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How Should I Handle Pest Control in a New Clinic?

Posted on Fri, May 24, 2013 @ 02:33 PM

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Pest protection is both an exterior and interior concern. Termites can sabotage a clinic’s outside walls, and pets can bring fleas and ticks inside. Prevent all three from invading your clinic with these patient-safe strategies from James Marshall Jr., AIA, in Prairie Village, Kansas:



  • Treat the ground before building begins. Pesticides that are applied under the foundation are too deep to endanger animals.
  • If possible, keep all structural wood one foot above the soil.
  • Choose wood that has been pressure-treated with pesticides for structural beams and fence posts.
  • Install metal termite shields around in-ground wooden beams.
  • Avoid stucco siding that reaches the ground. The porous material creates termite entry points.



  • Extend floor tiles about five inches up the sides of the walls, using epoxy for the grouting. These materials can withstand frequent cleaning, but fleas and ticks can’t. Less expensive linoleum and sheet-vinyl floors are also an option, but they can crack within a few years of installation, so repair costs often offset the initial savings.
  • Seal case work and plumbing features with silicone. This coating denies fleas and ticks access to their favorite hiding places.


Tags: Animal Care, Facility Design, Hospital Design, Q&A, Industry Trends

Q&A: What are the best choices for countertops?

Posted on Tue, Mar 12, 2013 @ 03:54 PM

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“Durable, easy-to-clean materials are a must,” says Dan Chapel, president of Chapel Associates Architects in Little Rock, Ark. He recommends plastic laminate in all clinical areas. “You can scrub plastic laminate countertops and spray them with disinfectant,” Chapel says. “Plus, they’ll take a great deal of abuse from claws and feet.” Even better: It’s one of the least-expensive options.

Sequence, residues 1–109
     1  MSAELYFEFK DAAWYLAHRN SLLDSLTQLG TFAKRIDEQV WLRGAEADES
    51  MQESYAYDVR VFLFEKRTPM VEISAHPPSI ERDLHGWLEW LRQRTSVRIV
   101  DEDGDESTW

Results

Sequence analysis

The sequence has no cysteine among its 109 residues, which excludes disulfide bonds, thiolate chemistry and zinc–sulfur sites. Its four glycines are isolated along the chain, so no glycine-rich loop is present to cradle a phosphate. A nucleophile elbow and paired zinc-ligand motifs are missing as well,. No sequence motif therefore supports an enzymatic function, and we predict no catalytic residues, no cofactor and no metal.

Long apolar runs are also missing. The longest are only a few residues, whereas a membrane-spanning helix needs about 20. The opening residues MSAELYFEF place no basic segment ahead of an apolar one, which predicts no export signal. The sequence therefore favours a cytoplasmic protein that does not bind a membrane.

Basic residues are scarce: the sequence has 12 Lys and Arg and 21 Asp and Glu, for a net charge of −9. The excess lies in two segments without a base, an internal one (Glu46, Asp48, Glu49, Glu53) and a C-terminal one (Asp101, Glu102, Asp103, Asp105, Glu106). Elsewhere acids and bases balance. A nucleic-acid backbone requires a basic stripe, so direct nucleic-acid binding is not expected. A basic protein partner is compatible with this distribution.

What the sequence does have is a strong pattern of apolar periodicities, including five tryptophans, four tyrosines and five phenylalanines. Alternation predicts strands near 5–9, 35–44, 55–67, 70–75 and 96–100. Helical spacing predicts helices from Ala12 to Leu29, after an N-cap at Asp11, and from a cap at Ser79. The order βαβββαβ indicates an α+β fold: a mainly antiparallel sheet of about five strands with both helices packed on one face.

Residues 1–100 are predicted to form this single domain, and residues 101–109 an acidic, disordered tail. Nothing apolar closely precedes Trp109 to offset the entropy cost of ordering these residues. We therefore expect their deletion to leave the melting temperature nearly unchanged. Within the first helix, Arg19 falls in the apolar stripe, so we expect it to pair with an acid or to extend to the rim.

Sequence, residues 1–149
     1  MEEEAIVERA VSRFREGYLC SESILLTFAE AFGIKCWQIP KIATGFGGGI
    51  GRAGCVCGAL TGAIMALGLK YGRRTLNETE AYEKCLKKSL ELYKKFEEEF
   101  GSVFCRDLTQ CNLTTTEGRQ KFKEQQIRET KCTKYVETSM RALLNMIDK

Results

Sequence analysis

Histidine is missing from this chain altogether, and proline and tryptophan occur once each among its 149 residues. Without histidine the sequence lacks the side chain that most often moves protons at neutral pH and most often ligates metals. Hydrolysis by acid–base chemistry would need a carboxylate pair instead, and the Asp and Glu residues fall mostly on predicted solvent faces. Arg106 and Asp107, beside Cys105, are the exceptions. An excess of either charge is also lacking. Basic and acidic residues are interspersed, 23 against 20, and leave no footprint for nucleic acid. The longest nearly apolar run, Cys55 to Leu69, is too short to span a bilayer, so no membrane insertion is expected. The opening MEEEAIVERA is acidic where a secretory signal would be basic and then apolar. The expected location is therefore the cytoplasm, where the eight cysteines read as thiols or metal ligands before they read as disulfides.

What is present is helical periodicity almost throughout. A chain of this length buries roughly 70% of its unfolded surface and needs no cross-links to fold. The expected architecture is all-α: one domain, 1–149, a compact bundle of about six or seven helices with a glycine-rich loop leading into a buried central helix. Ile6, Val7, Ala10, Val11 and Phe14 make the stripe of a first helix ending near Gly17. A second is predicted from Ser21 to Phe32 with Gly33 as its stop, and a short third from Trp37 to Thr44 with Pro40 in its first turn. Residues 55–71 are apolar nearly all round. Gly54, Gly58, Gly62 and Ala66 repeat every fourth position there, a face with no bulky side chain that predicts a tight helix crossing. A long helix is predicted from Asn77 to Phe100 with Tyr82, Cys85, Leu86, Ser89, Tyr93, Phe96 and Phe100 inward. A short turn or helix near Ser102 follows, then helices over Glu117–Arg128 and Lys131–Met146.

Plastic laminate comes in hundreds of colors and patterns, such as wood grain or faux granite, so shop around to see which brand offers the look and features you want. Finally, choose a matte finish, says Chapel. High-gloss finishes are more slippery, and they’re difficult to clean because every drop of moisture leaves a spot.

Although plastic laminate countertops work well in high moisture areas, such as kennels and surgery rooms, some veterinarians prefer stainless steel. Stainless steel can be a smart choice, Chapel says, if you pressure wash the counters often.

Chapel recommends spending more for Corian or granite countertops in the reception area because that’s where clients’ first and last impressions form. If these high-dollar options don’t fit your budget, consider installing granite tiles, which are far less expensive. Keep in mind that granite tiles aren’t appropriate for other areas of the clinic because the difficult-to-clean grout seams collect dirt.

Finally, avoid using porous surfaces, such as stone, for countertops because they hold moisture and contaminates.

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Tags: Facility Design, Hospital Design, Q&A